Choose a sunny and sheltered position and prepare the ground at least two weeks in advance. Double Digging is recommended to aerate the topsoil and break up the subsoil. Add plenty of organic matter such as compost and well-rotted manure. Adding Blood Fish and Bone and Mycorrhizal will be beneficial for the establishment of the tree. Put in a strong stake to support the tree, place it on the side of the prevailing wind.
The hole should be wide enough to spread the roots evenly. The old soil mark on the stem should be used as a marker for the correct planting depth. Backfill with the soil mixture firming down well but don’t tread heavily. Water in thoroughly.
If the tree has a lot of growth, consider pruning out any thin and spindly branches or at least reducing the length by two thirds.
Proper aftercare is just as important as good planting. Water the tree thoroughly, roots grow as long as the soil temperatures are above 7°C and require plenty of moisture. Feed the tree in the spring with an application of a general fertiliser and during the summer month feed with a high potash fertiliser. Mulching with well-rotted manure/compost around the roots will preserve moisture and nourish the tree, ensure the mulch does not touch the trunk.
Remove the blossom in the first spring after planting. Check the ties at least once a year making sure the trunk is not being strangled. Keep the area weed and grass free.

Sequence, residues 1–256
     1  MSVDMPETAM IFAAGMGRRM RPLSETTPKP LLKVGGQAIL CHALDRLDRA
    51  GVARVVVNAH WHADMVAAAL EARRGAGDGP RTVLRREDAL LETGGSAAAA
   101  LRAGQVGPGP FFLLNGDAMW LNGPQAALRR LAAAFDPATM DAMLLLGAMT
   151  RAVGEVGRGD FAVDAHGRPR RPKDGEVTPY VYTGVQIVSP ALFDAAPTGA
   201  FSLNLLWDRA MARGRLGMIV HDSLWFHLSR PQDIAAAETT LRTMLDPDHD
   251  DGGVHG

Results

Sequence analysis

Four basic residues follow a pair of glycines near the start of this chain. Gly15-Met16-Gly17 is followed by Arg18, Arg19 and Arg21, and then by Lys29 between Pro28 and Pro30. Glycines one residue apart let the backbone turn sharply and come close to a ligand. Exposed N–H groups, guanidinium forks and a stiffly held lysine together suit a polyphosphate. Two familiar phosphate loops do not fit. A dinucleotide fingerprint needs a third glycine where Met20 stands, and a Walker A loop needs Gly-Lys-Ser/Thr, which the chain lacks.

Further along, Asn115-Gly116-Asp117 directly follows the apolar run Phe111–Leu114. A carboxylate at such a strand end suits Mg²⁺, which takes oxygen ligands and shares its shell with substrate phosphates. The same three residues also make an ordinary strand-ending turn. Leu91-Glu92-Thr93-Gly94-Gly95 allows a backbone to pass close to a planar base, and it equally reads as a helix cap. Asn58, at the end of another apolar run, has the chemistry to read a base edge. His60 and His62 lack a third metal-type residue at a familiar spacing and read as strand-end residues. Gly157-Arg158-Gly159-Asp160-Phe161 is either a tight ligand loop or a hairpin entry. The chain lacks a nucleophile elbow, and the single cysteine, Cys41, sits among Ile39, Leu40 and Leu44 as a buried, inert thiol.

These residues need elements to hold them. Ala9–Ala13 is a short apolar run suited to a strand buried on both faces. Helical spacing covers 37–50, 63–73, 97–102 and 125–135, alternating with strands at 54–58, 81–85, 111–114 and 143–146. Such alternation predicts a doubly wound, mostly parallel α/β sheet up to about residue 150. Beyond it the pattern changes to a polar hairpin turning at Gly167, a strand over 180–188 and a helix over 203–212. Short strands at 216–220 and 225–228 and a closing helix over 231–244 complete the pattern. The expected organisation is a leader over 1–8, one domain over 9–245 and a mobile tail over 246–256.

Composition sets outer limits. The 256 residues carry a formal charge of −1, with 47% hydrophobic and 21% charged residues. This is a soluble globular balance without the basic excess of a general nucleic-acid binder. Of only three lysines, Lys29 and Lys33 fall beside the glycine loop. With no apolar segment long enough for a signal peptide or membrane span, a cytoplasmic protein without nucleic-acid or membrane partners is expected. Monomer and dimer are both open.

James Wong’s Botanical Infusions
New to our 2020 range and available to buy now, are 6 natural remedies for you to sow and grow, all selected by James Wong. Great for stocking fillers methinks.
James tells us, “It’s amazing what benefits can be achieved from harnessing the natural power of plants. With a couple of seed packs and a bit of guidance from our online recipes, you will soon be tinkering away like a botanical Willy Wonka, developing your own homespun remedies for yourself or friends. Good luck and have fun!”
Chamomile – “A traditional skin soother and sleep aid. Perfect for bath soaks and calming teas.”
Hollyhock – “Contains natural plant gels, traditionally used to relieve sore throats and dry coughs.”
Lemon Balm – “Can be made into a calming tea or is traditionally use topically for insect bites.”
Mint – “Used to settle upset tummies and as a relaxing tea before bedtime.”
Meadowsweet – “Contains natural pain-relieving compounds traditionally used to treat headaches.”
St John’s Wort – “Traditionally made into a wound healing balm to treat cuts and scrapes.”
View the whole James Wong Botanical Infusions range on our website.
Offer of the Month
Winter/Spring Bedding Plants – Lucky Dip
18 x 9cm potted plants for £20
It’s hard for us to grow exactly the right number of plants that we need each season and we sometimes grow too many. You can take advantage of this by buying a ‘Lucky Dip’ at a fraction of the normal cost!
Your 18 x 9cm plants will be select by us from our outstanding range, so that you can create spectacular displays in hanging baskets and patio containers! Find out more here.
Note: image is for illustration purposes only.